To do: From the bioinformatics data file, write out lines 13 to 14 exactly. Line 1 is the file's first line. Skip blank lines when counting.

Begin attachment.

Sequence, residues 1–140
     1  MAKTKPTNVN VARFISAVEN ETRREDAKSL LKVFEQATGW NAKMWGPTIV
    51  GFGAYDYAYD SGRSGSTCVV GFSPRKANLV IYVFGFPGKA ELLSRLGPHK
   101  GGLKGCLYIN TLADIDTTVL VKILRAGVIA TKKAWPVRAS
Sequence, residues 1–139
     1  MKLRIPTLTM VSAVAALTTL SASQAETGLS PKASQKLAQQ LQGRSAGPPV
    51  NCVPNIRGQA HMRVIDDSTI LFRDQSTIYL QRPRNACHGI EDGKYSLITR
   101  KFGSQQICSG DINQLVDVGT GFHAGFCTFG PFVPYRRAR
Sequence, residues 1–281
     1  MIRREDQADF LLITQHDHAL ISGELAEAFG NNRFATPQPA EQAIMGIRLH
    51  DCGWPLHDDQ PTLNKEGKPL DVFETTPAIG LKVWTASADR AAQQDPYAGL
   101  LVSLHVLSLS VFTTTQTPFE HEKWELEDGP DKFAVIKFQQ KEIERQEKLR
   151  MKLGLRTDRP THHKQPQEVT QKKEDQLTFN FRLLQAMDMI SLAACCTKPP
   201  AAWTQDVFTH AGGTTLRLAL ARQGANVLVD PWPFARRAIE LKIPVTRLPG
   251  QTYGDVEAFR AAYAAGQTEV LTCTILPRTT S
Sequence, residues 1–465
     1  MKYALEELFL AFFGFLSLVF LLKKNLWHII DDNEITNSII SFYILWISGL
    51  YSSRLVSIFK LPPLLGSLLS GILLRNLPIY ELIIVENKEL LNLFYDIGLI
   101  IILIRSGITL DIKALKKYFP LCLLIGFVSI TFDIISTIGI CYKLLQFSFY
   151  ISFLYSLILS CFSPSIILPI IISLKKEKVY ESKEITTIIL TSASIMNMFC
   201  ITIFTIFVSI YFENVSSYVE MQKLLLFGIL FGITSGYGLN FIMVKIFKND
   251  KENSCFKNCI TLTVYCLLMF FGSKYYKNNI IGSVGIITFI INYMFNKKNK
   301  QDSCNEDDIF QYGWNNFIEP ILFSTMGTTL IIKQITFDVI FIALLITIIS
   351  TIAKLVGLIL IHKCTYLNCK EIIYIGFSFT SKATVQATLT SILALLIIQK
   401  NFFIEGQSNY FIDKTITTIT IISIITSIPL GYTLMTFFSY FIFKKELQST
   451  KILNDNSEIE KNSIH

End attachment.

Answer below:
   151  MKLGLRTDRP THHKQPQEVT QKKEDQLTFN FRLLQAMDMI SLAACCTKPP
   201  AAWTQDVFTH AGGTTLRLAL ARQGANVLVD PWPFARRAIE LKIPVTRLPG